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KAI RYSSDAL: The T-shirt company Threadless has been around for 10 years now. In that time it’s sold about four million shirts with what was when it started, and still is now, a somewhat unconventional business model. It gets outsiders to come up with designs, strangers pick the best ones, and then the company sells those winners. It’s crowd-sourcing at its economic best.
Founder and one-time CEO Jake Nickell has a new book out about the first 10 years of Threadless called, “Threadless.” The story of the company and 10 years worth of great T-shirt designs, which I should say before we start you can see here. Jake, good to talk to you.
JAKE NICKELL: Thanks for having me.
RYSSDAL: Where’d the idea for this company come from? You’re 20 years old, you’re an art student, and all of a sudden you’re making T-shirts?
NICKELL: Yeah, I was going to art school, but I was also working a full-time job as a web developer. And I was a member of an art community online and my contribution to the community was that if you put T-shirt designs up on the forum, I would print the best ones.
RYSSDAL: Explain how it works for those who might not know.
NICKELL: An artist submits a design. It gets scored by our community of about 1.5 million people and the top scoring designs we actually print and sell. We pay the artist $2,000 and a $500 gift certificate and then royalties on reprint fees. And we come out with six to nine new designs every single week. Last year we paid over $1.5 million out to artists.
RYSSDAL: So the business term, the nomenclature for this, is crowd-sourcing, right? You go out and you get these people to submit and then you crowd-source the evaluation. Did that come organically from your start in that online art community?
NICKELL: Yeah, the term crowd-sourcing was coined, I believe, in 2004 by a guy named Jeff Howe, who was an editor for Wired Magazine and that was four years into us doing business, and we’ve become kind of the poster child for crowd-sourcing. And there’s a lot of interesting crowd-sourcing companies that have started up very recently. It’s become a very popular business model. But really what we were about is just community-based design, like collaborating as artists. And I think what crowd-sourcing is kind of turning into is where people are doing work for companies, like designing logos or things that are not so personal. It’s more like work that a company needs done that they’re outsourcing to a crowd of anonymous people.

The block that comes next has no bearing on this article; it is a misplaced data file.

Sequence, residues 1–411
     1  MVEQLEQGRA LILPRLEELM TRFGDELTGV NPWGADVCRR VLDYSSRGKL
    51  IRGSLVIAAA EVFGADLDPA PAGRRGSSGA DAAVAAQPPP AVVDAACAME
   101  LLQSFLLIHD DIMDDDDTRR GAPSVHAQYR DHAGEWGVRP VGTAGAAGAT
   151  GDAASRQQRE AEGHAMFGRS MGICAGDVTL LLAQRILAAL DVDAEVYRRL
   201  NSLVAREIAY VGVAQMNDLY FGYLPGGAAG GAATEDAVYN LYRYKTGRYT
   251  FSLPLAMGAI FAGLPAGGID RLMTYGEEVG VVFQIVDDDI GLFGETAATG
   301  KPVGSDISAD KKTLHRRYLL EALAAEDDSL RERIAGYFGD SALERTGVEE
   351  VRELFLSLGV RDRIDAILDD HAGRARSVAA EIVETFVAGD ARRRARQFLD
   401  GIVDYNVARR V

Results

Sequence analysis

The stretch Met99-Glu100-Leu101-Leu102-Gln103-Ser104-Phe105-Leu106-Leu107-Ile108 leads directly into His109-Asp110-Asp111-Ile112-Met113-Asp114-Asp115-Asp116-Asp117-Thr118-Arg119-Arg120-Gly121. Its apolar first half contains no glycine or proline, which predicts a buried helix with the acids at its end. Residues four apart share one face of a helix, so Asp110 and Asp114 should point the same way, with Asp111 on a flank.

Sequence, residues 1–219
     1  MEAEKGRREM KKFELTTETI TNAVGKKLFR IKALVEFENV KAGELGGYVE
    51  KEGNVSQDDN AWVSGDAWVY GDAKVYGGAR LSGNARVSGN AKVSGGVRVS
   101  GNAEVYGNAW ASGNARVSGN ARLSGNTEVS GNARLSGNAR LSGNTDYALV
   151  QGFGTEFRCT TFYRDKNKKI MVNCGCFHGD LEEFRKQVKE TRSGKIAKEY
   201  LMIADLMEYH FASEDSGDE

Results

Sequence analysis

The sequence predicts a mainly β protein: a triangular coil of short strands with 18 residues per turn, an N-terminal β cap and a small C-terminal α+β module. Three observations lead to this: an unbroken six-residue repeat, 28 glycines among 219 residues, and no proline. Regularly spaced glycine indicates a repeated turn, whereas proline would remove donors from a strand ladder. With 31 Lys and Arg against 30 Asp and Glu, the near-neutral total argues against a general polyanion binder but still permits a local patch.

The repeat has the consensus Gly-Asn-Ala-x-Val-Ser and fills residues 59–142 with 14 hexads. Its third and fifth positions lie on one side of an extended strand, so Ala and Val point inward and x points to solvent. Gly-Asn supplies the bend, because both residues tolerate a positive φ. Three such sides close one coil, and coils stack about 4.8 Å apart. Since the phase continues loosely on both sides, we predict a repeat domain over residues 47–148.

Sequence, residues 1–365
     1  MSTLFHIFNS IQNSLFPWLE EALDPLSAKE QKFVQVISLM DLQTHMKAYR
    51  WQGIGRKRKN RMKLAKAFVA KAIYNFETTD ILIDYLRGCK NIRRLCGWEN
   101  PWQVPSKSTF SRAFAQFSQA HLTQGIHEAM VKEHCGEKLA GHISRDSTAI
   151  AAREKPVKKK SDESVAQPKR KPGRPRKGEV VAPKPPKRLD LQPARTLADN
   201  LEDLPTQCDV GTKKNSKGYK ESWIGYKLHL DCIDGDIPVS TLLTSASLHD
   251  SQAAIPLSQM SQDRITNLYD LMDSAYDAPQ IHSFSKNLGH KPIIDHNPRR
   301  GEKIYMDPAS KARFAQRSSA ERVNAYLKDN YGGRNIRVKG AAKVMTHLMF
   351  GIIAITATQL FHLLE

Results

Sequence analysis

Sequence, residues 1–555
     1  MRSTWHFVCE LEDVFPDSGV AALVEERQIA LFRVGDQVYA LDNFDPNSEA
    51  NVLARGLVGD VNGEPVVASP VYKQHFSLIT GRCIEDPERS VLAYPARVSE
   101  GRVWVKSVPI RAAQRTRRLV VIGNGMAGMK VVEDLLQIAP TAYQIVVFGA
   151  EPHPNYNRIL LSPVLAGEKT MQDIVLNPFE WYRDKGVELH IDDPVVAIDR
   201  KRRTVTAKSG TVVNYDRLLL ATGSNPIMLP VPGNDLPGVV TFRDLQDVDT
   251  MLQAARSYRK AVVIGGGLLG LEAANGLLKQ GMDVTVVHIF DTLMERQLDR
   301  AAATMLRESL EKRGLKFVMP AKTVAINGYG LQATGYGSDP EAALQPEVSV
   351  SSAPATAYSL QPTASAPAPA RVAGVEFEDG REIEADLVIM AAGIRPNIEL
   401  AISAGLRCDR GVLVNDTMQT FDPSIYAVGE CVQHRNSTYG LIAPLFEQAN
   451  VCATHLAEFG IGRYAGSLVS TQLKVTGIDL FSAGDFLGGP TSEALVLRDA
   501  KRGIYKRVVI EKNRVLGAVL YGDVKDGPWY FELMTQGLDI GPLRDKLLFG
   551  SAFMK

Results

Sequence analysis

RYSSDAL: That dynamic that you guys had, I mean you had the typical start-up dynamic. If you look at the pictures in this book, it’s the big warehouse space with, you know, the foosball table and a gaming chest and all that. I mean, you had that. And now 10 years later, you’ve got 100 employees shipping stuff all over the world.
NICKELL: Yeah, and we still do crazy stuff. Half our employees are in our warehouse. And just last week, we had a live band play in our warehouse while people were picking orders. We had a DJ, Martin Atkins, come in who used to be the drummer of Ministry. It’s just part of our culture.
RYSSDAL: There must have been, in the past 10 years, a couple of moments, as you felt your way around this start-up that you had of, ‘Man, if only I knew back then what I know now.’ What were the decision points that turned Threadless from this hobby that you had into a thriving, viable business?
NICKELL: I think that actually not knowing anything was more valuable in growing Threadless than knowing something. And I kind of feel like if I did know the way things were supposed to get done, Threadless wouldn’t have happened.
RYSSDAL: Where do you go now? I mean, what’s next beyond T-shirts? Or are you happy just doing art and T-shirts?
NICKELL: Well T-shirts were just such an easy canvas. Every small town in America has a T-shirt printer. But now, we’re starting to do a lot of partnerships where we’re realizing that our strength as a company isn’t in making T-shirts, it’s in this global art community and we’re feeling like we could do so much more than just make T-shirts with all these artists. Looking back at the past year, we’ve done a lot of partnerships with Griffin, we’ve made iPhone cases, we’ve made flip flops with Havianas, we’ve made laptop covers with Dell.
RYSSDAL: Yeah, it could be anything, right?
NICKELL: Yeah, I was joking around that you could design the frosting that goes on donuts at Dunkin’ Donuts. It’s ridiculous how it could be anything.
RYSSDAL: All right. That, I think, is jumping the shark.
NICKELL: Yeah, that’s too much maybe.
RYSSDAL: Jake Nickell is the founder — he was also the CEO for a long time — of Threadless. He’s got a book out about the company’s first 10 years. It is called “Threadless.” And we have got some of those designs, you’re going to want to check them out. There’s some pretty interesting T-shirts out there. Jake, thanks a lot.
NICKELL: Yeah, thank you. I had a lot of fun.
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